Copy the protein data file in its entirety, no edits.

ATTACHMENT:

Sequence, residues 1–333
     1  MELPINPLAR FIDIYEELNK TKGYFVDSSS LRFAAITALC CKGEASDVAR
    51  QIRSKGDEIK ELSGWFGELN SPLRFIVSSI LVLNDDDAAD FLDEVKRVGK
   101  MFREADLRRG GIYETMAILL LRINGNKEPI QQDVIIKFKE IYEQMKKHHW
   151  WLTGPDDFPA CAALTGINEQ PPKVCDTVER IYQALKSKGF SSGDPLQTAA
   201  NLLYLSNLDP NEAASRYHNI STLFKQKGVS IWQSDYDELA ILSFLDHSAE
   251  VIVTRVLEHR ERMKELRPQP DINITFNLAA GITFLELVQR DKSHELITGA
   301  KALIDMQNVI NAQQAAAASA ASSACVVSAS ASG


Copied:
Sequence, residues 1–333
     1  MELPINPLAR FIDIYEELNK TKGYFVDSSS LRFAAITALC CKGEASDVAR
    51  QIRSKGDEIK ELSGWFGELN SPLRFIVSSI LVLNDDDAAD FLDEVKRVGK
   101  MFREADLRRG GIYETMAILL LRINGNKEPI QQDVIIKFKE IYEQMKKHHW
   151  WLTGPDDFPA CAALTGINEQ PPKVCDTVER IYQALKSKGF SSGDPLQTAA
   201  NLLYLSNLDP NEAASRYHNI STLFKQKGVS IWQSDYDELA ILSFLDHSAE
   251  VIVTRVLEHR ERMKELRPQP DINITFNLAA GITFLELVQR DKSHELITGA
   301  KALIDMQNVI NAQQAAAASA ASSACVVSAS ASG